Reduced sodium appetite and increased oxytocin gene expression in mutant mice lacking beta-endorphin
by
Franchini LF, Rubinstein M, Vivas L.
Instituto de Investigacion Medica Mercedes y Martin Ferreyra,
Casilla de Correo 389, 5000 Cordoba, Argentina.
Neuroscience. 2003;121(4):875-81


ABSTRACT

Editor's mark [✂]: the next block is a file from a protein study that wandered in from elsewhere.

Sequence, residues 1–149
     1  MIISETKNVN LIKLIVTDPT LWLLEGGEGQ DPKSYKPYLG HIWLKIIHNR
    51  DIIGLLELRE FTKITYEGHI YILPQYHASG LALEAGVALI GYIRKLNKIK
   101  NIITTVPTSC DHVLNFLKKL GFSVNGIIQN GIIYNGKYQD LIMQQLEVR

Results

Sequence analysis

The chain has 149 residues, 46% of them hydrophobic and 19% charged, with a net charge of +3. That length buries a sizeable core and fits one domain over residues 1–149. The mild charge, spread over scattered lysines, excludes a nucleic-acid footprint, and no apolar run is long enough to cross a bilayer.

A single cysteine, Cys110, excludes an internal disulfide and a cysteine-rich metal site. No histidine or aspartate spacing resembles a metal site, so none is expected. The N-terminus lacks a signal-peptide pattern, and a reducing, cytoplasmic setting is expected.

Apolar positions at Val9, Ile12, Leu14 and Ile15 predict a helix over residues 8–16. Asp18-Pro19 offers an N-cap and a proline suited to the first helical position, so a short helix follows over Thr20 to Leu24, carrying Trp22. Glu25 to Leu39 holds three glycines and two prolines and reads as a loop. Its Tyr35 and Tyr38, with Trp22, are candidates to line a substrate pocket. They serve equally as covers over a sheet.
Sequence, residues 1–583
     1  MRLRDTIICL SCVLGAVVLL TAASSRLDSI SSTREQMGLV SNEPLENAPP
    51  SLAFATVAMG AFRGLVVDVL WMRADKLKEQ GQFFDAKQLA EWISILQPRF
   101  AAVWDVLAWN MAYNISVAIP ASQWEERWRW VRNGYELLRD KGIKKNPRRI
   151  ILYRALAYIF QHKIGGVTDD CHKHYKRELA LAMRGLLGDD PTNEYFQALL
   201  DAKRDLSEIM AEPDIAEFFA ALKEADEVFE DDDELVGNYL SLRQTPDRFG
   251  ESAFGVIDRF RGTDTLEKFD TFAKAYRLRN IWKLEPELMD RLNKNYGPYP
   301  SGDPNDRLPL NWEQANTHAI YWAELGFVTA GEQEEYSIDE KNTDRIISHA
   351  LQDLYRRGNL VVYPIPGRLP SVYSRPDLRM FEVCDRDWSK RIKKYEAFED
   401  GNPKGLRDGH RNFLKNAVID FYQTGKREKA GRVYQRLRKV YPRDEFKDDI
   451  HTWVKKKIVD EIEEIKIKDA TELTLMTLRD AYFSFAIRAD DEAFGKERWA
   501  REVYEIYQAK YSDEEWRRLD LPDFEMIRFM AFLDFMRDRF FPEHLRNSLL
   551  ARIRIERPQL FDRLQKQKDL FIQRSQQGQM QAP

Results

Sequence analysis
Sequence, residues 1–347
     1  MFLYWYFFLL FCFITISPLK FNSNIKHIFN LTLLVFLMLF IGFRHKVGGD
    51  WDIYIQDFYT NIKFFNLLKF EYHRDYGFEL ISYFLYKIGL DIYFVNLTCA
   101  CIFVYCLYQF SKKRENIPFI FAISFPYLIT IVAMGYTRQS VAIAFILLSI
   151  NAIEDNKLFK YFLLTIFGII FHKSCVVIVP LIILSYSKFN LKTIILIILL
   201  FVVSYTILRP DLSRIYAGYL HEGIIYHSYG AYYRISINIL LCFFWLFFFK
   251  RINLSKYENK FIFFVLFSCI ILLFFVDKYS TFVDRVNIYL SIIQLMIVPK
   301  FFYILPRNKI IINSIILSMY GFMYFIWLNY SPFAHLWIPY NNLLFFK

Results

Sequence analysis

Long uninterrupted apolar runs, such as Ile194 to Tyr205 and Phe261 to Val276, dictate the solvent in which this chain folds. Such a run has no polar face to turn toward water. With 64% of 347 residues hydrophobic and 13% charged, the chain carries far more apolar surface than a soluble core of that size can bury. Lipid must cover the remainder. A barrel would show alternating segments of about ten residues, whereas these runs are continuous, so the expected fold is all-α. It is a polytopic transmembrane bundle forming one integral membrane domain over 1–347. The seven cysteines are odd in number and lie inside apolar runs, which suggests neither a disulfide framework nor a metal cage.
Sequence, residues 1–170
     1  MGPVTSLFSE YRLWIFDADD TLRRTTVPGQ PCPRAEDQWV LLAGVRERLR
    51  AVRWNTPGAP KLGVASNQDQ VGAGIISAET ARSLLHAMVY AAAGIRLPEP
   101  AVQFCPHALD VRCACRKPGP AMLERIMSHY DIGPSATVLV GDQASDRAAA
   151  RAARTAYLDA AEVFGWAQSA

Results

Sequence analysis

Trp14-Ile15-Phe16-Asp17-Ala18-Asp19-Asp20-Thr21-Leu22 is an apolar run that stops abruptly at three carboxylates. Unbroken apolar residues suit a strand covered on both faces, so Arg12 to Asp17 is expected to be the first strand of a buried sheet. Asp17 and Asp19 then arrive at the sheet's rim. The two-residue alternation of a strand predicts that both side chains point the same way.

Central opioid and oxytocinergic systems have been involved in the regulatory control of sodium appetite. In addition, previous studies support the existence of a functional interaction between opioid peptides and oxytocinergic pathways, and suggest that beta-endorphin neurons would modulate the activity of central oxytocinergic pathways, its pituitary secretion and sodium appetite. To investigate the role of this opioid peptide in the control of oxytocin (OT) synthesis and sodium appetite regulation we used mice with gene dosage-dependent variations in brain beta-endorphin content, expressing either 100%, 50%, or 0% of normal beta-endorphin content. Our results show that beta-endorphin knockout (KO) and heterozygous (HT) mutant mice consume approximately a 50% less 2% NaCl solution compared with wild type mice (WT), after furosemide and low sodium diet treatment. These data suggest that beta-endorphin may facilitate induced sodium appetite, giving new evidence about the role of beta-endorphin on sodium appetite behavior. Our data also indicate that OT mRNA levels evaluated by in situ hybridization significantly increased within the hypothalamic paraventricular nucleus of WT animals after induced sodium ingestion, giving support to former evidence indicating an inhibitory role for central OT in the control of sodium appetite. Moreover, beta-endorphin mutated mice have similar higher levels of OT mRNA expression after the different conditions analyzed: basal, control or experimental, compared with WT mice. Both control HT and KO mice showed higher OT mRNA expression levels than control WT group and these levels did not change after induced sodium intake. Taken together, our data suggest that the reduced sodium ingestion observed in beta-endorphin deficient mice could be due to a higher expression of the OT gene. This conclusion would support the hypothesis that OT inhibits sodium intake and provides new evidence about beta-endorphin modulation of OT synthesis and sodium appetite.
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